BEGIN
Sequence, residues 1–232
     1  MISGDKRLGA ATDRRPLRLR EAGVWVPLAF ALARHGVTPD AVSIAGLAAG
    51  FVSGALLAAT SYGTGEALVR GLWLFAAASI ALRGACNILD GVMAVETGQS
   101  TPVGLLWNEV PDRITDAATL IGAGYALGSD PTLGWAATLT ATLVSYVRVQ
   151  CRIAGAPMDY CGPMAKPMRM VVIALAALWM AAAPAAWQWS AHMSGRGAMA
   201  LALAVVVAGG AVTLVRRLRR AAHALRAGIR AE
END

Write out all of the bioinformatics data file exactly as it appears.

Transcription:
Sequence, residues 1–232
     1  MISGDKRLGA ATDRRPLRLR EAGVWVPLAF ALARHGVTPD AVSIAGLAAG
    51  FVSGALLAAT SYGTGEALVR GLWLFAAASI ALRGACNILD GVMAVETGQS
   101  TPVGLLWNEV PDRITDAATL IGAGYALGSD PTLGWAATLT ATLVSYVRVQ
   151  CRIAGAPMDY CGPMAKPMRM VVIALAALWM AAAPAAWQWS AHMSGRGAMA
   201  LALAVVVAGG AVTLVRRLRR AAHALRAGIR AE